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Poltergiests


50 Berkeley Square

50 Berkeley Square

During the Victorian era 50 Berkeley Square was popularly believed to be the most haunted building in London. Now occupied by the famous antiquarian book dealers, Maggs Bros, there is no evidence that haunting like experiences persist but the case of the haunting of 50 Berkeley Square, which has probably developed into a kind of urban legend has become infamous. Read More »

9 Earl Street, Westminster (1825)

In his book ‘Poltergeist Over England: Three Centuries of Mischievous Ghosts’, Harry Price refers to a case at 9 Earl Street, Westminster where the ringing of the bells in the house was ‘so loud and persistent that it sent one of the maidservants into convulsions!’  But was this a poltergeist? Read More »

Arnos Manor Hotel, Bristol

Built as a home in 1760 by local merchant William Reeve, the seventy three bed-roomed Arnos Manor Hotel has a reputation of being haunted. The Arnos Manor has its own Chapel in which Nuns would ran a girls school. One of the reported ghost stories involves a nun who is suspected to have fallen pregnant. She reputedly committed suicide and was bricked up in a wall. Read More »

Bagdale Hall

Bagdale Hall

The hall is the oldest building in Whitby built in 1516. It is now a hotel said to be haunted by Browne Bushell, a former owner who was executed for piracy. He has been seen walking up the staircase, and has also been heard in the same place.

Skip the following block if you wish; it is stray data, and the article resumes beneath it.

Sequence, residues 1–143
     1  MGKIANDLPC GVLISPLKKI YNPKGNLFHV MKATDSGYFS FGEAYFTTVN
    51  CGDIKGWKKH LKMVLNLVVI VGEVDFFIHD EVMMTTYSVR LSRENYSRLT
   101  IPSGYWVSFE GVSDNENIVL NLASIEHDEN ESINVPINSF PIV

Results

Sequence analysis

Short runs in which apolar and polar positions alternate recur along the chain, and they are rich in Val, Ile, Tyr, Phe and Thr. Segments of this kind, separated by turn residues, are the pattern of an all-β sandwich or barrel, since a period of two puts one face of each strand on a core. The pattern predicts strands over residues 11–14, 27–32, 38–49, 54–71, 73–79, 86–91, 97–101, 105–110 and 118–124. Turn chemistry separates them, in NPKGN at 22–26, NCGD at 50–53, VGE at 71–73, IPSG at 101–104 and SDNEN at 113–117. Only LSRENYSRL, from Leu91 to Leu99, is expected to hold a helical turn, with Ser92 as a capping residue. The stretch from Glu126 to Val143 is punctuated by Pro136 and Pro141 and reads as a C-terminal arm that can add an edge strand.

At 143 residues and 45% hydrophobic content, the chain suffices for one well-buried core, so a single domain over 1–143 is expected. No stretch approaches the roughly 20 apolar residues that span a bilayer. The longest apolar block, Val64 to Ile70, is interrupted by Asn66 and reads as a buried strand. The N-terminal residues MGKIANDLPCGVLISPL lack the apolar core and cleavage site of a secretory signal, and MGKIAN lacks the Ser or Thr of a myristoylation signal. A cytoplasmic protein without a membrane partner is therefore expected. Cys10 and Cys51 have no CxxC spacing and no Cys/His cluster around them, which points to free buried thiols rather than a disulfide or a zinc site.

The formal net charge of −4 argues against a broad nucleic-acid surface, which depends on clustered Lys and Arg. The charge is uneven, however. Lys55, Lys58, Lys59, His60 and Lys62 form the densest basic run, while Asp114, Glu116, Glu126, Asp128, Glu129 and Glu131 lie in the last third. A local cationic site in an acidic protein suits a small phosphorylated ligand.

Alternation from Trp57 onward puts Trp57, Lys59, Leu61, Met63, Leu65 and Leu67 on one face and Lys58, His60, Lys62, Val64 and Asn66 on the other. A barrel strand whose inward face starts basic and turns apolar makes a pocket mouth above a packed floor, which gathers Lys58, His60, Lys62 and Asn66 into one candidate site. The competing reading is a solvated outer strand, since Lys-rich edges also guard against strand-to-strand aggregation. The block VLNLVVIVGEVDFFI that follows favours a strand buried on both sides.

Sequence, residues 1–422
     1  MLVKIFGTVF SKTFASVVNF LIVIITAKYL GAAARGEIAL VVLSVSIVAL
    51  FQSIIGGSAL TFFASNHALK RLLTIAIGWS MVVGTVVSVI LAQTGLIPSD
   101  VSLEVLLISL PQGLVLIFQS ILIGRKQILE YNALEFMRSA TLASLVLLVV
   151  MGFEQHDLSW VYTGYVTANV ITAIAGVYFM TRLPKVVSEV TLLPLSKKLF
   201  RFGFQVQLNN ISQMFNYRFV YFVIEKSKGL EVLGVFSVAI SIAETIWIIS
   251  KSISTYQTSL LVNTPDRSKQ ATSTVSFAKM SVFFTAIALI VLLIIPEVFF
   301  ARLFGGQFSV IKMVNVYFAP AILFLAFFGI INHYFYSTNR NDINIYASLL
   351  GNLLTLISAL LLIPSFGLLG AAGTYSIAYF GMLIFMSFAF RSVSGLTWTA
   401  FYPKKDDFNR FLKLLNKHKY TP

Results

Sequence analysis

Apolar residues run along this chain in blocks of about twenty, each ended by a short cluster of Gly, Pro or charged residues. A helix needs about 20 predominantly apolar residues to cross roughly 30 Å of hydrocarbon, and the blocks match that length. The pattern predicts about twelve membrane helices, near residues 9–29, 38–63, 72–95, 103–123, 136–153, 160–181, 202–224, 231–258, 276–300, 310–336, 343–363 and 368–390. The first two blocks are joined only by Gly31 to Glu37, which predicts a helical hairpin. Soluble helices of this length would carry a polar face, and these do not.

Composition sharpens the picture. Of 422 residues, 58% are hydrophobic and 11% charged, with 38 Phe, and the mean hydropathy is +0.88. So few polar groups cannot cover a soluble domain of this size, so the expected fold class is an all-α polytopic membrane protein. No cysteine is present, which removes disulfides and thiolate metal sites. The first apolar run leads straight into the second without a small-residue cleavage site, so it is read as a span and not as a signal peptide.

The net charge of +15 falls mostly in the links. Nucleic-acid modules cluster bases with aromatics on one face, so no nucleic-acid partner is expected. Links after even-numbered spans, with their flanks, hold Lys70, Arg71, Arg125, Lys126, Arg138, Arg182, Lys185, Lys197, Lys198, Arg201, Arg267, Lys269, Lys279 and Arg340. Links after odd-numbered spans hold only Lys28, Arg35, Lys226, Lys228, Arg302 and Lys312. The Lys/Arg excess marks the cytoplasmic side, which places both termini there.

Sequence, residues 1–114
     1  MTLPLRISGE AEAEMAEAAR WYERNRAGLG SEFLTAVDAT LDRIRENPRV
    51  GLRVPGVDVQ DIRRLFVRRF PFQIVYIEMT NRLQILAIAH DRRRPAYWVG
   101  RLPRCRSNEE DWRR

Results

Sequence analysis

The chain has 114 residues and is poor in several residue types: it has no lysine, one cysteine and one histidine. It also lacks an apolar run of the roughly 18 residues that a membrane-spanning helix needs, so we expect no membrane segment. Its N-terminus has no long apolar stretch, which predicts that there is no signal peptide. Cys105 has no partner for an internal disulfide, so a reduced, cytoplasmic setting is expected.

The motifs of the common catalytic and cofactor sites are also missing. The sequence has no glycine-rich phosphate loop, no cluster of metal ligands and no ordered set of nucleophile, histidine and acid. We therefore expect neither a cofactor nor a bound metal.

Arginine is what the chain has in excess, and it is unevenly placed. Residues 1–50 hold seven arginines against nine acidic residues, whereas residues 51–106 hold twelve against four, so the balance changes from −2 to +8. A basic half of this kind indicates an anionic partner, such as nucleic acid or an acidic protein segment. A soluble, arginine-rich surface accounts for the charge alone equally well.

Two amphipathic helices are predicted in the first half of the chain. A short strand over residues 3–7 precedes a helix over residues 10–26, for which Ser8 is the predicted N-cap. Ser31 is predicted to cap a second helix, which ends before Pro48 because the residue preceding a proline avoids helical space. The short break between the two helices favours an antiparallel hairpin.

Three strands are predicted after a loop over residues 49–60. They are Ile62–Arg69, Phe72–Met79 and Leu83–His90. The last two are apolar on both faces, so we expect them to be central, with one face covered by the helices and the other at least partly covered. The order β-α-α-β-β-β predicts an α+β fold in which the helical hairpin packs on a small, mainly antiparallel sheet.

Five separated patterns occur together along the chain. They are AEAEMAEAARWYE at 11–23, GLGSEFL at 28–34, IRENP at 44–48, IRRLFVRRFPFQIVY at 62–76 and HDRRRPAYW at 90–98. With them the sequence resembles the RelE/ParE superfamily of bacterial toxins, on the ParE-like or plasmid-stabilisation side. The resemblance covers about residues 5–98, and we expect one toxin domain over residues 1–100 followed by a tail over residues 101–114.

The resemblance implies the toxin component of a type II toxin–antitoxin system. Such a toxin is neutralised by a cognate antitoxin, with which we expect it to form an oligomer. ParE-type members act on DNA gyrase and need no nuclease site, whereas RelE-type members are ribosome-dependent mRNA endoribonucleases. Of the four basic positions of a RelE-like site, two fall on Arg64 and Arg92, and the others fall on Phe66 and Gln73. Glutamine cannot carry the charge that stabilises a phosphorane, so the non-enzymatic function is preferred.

There has been other strange phenomena associated with the hall over the years, including poltergeist activity.

Balornock Poltergeist (1974 – 1975)

The following article entitled ‘Noises in the night-and the suspect is a spirit’ was published in the Glasgow Herald on 17 January 1975.

Banging noises, terrified families……it’s all being blamed on a mischievous ghost. JOHN McKINLAY reports on the chaos in a Glasgow housing scheme which started with a weird tapping noise. Read More »

Barmouth Poltergeist

The following account of a poltergeist in Barmouth appeared in an edition of Folk-lore (June 1892) and was also reproduced in Richard Holland's 'Haunted Wales: A Guide to Welsh Ghostlore' Read More »

Best Western The Vine Hotel, Skegness

The Lincolnshire coast was once a major focus of smuggling in Britain. Read More »

Bingen Poltergeist

Situated at the junction of the Rhine and Nahe rivers, Bingen is a city that is connected to a very old poltergeist story. The report appears in the Annales Fuldenses which were written in the Abbey of Fulda, Franconia during the ninth century, covering the rule of the Carolingian line from Louis the Pious (778–840) to Louis III, ending in 1901. Read More »